Darla Deardorff, adjunct research scholar in Duke's Program in Education
A Duke University conference next month will examine the teaching and learning of intercultural skills. The free conference, an effort by faculty to give intercultural teaching and learning a broad, campus-wide platform, will be from 9:30 a.m. to 4 p.m. Thursday, March 6, in Perkins 217. It is open to all Duke faculty, staff and students.
Conference co-organizer Darla Deardorff, an adjunct research scholar in Duke's Program in Education, discussed the event with Duke Today. Here are excerpts:
This conference is an examination of intercultural learning and teaching. What does that mean?
Intercultural learning and teaching is about the knowledge, skills, and attitudes necessary for successful interactions, whether in the classroom with students and faculty from different backgrounds, or in daily life. This conference is a grassroots effort from Duke faculty to engage faculty, staff and students on what it means to address intercultural learning in the classroom, regardless of discipline. Members of the Intercultural Working Group have come from a variety of backgrounds including from the schools of engineering, divinity, arts and sciences, nursing and medicine.
What is the value or necessity of having these intercultural skills?
Intercultural competence is emerging as a key issue in higher education around the world. Given that all interactions are intercultural and it is imperative to educate global-ready graduates, it behooves universities to address this throughout the curriculum. As to the value of intercultural competence, Martin Luther King Jr. summed it up nicely when he said, "We must learn to live together as brothers, or perish together as fools."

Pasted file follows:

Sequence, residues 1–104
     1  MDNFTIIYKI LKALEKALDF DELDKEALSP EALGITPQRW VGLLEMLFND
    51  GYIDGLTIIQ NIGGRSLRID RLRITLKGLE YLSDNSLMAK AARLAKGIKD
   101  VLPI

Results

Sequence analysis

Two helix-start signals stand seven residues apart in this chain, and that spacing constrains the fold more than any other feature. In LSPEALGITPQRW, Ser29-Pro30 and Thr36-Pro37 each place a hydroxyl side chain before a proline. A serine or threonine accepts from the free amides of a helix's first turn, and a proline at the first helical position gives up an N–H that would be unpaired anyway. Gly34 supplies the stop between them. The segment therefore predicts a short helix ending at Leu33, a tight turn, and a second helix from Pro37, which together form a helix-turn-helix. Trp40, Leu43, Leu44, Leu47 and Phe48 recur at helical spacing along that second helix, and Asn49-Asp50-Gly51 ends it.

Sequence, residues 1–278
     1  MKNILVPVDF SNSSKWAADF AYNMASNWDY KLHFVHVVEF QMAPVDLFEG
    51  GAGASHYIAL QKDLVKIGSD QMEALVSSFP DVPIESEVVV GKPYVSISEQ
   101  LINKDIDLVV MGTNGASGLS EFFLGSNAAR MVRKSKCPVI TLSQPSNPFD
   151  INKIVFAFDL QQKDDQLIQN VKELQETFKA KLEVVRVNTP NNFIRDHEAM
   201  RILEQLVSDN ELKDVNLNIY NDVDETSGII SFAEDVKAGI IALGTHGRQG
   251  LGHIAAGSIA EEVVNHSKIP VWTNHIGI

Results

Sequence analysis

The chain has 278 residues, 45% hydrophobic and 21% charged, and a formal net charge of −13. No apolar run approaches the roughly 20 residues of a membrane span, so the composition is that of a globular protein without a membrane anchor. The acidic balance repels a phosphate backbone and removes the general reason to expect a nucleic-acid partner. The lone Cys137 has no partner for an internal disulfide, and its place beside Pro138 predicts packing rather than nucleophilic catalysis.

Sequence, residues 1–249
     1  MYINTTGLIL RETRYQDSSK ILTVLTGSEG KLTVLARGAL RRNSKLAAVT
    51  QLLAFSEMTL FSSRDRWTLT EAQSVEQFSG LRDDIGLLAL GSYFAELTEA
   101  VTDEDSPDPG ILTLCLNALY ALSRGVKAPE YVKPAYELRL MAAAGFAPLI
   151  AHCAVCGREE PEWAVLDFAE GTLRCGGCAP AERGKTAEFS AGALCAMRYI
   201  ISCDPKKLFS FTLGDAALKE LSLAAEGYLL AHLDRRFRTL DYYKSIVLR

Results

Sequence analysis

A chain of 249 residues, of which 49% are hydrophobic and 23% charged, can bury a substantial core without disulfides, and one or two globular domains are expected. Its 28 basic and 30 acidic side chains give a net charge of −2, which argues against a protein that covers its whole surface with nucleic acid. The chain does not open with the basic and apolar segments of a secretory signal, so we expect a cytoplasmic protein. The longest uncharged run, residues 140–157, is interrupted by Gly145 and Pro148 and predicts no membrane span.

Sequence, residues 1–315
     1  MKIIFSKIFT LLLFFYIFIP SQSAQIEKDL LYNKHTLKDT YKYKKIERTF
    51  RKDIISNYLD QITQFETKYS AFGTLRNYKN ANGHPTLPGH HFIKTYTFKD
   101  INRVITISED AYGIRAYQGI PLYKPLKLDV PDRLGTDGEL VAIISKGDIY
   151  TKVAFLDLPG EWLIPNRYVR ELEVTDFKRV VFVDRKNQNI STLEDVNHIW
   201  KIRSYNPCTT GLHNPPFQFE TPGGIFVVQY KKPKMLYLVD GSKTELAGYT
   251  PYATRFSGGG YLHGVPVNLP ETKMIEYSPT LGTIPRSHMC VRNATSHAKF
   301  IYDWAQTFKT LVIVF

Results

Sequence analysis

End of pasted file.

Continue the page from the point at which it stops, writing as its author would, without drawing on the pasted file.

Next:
So this is more than just about language skills?
Much more. One can speak a language fluently and still be interculturally incompetent in navigating the culture. In fact, the term "fluent fool" has been used to describe those who know the vocabulary and grammar without deeply understanding the culture with its related complexities, worldviews and values that underlie behavior. Language does not ensure cultural competence (even in one's own culture!).
Are these skills sought by employers? Why?
Research on employers is showing that these intercultural skills are not only being sought by employers but they highly value these skills even over technical knowledge. Many employers understand the necessity of having employees who can work together successfully, which is where the intercultural piece becomes so crucial, given the increasing diversity in the 21st century workplace. They also understand that innovation occurs through the diversity of perspectives and backgrounds and view diversity as a strength in the workplace.
Are these the sort of teaching skills that faculty members inherently have, or do they need to learn them?
Research is showing that intercultural competence does not occur naturally in most people and further, it's a lifelong journey for all of us. Faculty can play a key role in helping to guide students in their own intercultural competence development and to do so, it's important for faculty to have more of a foundational background around this -- and this conference is a first step in that direction.